Ecosystem resilience and community values: Implications to ecosystem-based adaptation

Noralene Uy, Rajib Shaw

Research output: Contribution to journalArticlepeer-review

9 Citations (Scopus)


In recent years, the case for ecosystem approaches in disaster risk reduction and climate change adaptation is strongly argued because losses can be reduced and safer and resilient communities built by ensuring resource sustainability and enhancing ecosystem resilience. Recognizing the interdependencies of ecological, physical, economic, social and institutional actors and that community-level perception can shape adaptation actions, a study is conducted through surveys of village councils and households in Infanta, Quezon, Philippines. Utilizing a questionnaire covering 5 dimensions, 25 parameters and 125 measures selected based on the local context of Infanta, the level of resilience in mountain, riverine, urban, agricultural plain, estuarine and coastal ecosystems is determined. In addition, a survey on community values for ecosystem services as well as autonomous and recommended adaptation actions is done. Results show that overall resilience levels of ecosystems lie between 3.08 (medium resilience) and 3.26 (high resilience) on a scale of 1 to 5. The coastal ecosystem demonstrates the highest resilience while the mountain ecosystem shows the lowest resilience. Moreover, the community gives high value to the floodplain and ocean as natural assets and the forest and coastal ecosystems for their provisioning, regulating and cultural services. Lastly, autonomous daptation actions are primarily ecological, economic and social in nature. By assessing the resilience of ecosystems and mapping of community values and actions as attempted in this study, entry points for an ecosystem-based adaptation strategy are identified while addressing positive and negative factors as well as gaps and opportunities to enhance the resilience of Infanta's ecosystems.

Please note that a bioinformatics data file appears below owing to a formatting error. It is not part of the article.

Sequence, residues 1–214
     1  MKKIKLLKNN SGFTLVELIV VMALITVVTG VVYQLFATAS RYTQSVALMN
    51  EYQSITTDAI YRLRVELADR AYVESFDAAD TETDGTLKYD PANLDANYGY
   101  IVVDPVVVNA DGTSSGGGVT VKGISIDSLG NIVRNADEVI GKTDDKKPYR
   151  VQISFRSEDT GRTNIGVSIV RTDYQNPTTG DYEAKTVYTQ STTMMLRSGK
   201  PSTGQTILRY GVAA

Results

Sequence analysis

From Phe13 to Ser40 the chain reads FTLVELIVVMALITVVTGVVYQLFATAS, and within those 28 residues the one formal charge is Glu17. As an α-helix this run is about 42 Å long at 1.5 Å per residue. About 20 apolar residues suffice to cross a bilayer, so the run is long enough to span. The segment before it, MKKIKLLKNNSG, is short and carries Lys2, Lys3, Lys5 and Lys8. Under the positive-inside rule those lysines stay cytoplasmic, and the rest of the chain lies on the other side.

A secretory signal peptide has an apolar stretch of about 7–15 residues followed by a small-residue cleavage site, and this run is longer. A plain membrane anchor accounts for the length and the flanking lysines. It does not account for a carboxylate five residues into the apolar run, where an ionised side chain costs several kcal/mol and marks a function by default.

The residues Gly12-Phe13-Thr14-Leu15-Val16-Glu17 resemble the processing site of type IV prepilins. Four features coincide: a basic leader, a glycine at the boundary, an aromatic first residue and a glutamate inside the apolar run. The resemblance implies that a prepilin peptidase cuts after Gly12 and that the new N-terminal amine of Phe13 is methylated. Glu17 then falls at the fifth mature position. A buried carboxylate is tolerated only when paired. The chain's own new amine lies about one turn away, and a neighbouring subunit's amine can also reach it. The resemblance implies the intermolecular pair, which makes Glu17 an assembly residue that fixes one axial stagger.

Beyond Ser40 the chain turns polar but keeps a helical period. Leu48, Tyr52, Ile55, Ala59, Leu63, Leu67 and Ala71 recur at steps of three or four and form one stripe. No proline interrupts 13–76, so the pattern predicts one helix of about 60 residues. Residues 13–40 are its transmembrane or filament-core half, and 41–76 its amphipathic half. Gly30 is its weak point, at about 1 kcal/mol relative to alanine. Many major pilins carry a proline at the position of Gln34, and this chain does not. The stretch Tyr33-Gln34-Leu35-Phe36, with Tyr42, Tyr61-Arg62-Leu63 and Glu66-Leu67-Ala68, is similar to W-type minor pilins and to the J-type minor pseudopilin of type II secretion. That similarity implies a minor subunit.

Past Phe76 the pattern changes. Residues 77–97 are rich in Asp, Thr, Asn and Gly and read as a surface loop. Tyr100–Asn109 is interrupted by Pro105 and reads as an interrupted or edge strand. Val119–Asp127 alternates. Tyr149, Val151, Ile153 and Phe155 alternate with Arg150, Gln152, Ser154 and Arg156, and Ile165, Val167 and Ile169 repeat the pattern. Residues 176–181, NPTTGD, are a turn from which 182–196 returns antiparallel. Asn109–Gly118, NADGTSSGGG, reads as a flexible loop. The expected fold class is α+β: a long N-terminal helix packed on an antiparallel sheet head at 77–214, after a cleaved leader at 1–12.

Original languageEnglish
Pages (from-to)201-202
Number of pages2
JournalJournal of Disaster Research
Issue number1
Publication statusPublished - 2013 Feb 1
Externally publishedYes


  • Community values
  • Ecosystem resilience
  • Ecosystem-based adaptation

ASJC Scopus subject areas

  • Safety, Risk, Reliability and Quality
  • Engineering (miscellaneous)


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